[rad2/Hz], versus offset frequency, fm.

Using Leesons Equation to Predict Oscillator Phase Noise


2

fo
fc
FkT
1 + 1 +

S ( f m ) = S o ( f m ) =
Pc
f m 2QL f m

[rad2/Hz]

S ( f m ) = 2 L ( f m )

Oscillator resonator bandwidth:

fr =

fo
2QL

fr
fc
FkT
1 + 1 + [dBc/Hz]
L( f m ) =
f m f m
2 Pc

Consider two cases:


1. High-Q oscillator: fc > fr ,
2. Low-Q oscillator: fc < fr.

L(fm)
[dBc/Hz
]

L(fm)
[dBc/Hz
1/f

1/f 2

1/f

fr

1/f 3

FkT/2Pc

fc

fm [Hz]

(a) High Q-Oscillator: fr < fc

fr
fc
FkT
1 + 1 +
L( f m ) =
f m f m
2 Pc

FkT/2Pc

fc

fr

fm[Hz]

(b) Low Q-Oscillator fr > fc

S ( f m ) = 2 L( f m ) [rad2/Hz]

Comparison of Candidate Oscillators


Oscillator

High Power Air


Cavity

SLCO Poseidon

OEO

Output coupling

Very Low

Moderate

Directional
coupler and
amplifier

Resonator Q

Moderate
60,000

High
190,000

Very High
1e9

Loop Power

High
1-10 Watts

Moderate
100's mW

Inherent Spurs

None

None

Many

-40

OEWave 16 Km Single Fiber


Low Noise QZ with Perfect Multiplier
SLCO Poseidon (Published data)
NIST Cavity Stabilized DRO
Femtosecond Comb
Calcium Optical (projected)
NIST Noise Floor Dual Ch.
NIST Measurement Noise Floor
NIST Noise Floor Single Ch. w/ Car. Sup.
NIST Noise Floor Dual Ch. w/ Car. Sup.

-50
-60
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-80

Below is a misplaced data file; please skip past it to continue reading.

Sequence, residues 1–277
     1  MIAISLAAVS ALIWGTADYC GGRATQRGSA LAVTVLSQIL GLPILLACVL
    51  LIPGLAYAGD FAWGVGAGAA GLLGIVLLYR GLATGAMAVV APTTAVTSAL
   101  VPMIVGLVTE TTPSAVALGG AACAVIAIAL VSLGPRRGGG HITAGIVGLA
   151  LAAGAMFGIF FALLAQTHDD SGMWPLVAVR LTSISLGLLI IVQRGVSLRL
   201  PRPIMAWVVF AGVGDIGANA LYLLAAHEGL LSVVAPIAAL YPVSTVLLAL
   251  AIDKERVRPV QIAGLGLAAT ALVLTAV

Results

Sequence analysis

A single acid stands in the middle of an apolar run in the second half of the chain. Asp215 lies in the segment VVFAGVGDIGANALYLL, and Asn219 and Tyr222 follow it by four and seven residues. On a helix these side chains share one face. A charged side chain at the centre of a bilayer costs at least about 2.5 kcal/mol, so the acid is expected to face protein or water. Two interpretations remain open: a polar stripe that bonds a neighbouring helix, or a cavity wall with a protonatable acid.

L(f)dBc/Hz

-90
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1

10

100

1000

10000

Frequency (Hz)

100000

1000000

10000000

-40
OEWave 16 Km Single Fiber
Low Noise QZ with Perfect Multiplier

-50
-60

SLCO Poseidon (Published data)


NIST Cavity Stabilized DRO
Femtosecond Comb

-70
-80

Calcium Optical (projected)

L(f)dBc/Hz

-90
-100
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1

10

100

1000

10000

Frequency (Hz)

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Interferometic Cavity Stabilized DRO/YIG

Amplifier Comparison

L(f) dBc/Hz

aPROPOS PM noise, goal, and four existing amplifiers (@ 10 GHz)


-60

Projected amp. spec, Pin=0 dBm

-70

MSH-6135501,Pin=+2.57 dBm

-80

MSH-6133401, Pin=+2.57 dBm

-90

HMMC-5618 #1, Pin=+3.7dBm

-100

HMMC-5618 #2, Pin=+3.7dBm

-110

Mayo FFA, Pin=0 dBm

-120

NIST Array, Pin=0 dBm


Typical Microwave Amplifier

-130

Noise Floor of Measurement System

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1

10

100

1000

10000

Frequency (Hz)

100000

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10000000

MAYO First Feedfoward Amp Results


12/ 17/04 aPROPOS amplifier PM noise, goal (@ 10 GHz)
-60

-80

Projected amp. spec,


Pin=0 dBm
Mayo FFA, Pin=0 dBm

-90

NIST Array, Pin=0 dBm

-100

OE Waves Loop Amp,


Pin=-20 & +10 dBm
Noise Floor of
Measurement System

-70

L(f) dBc/Hz

-110
-120
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1

10

100

1000

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Frequency (Hz)

100000

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10000000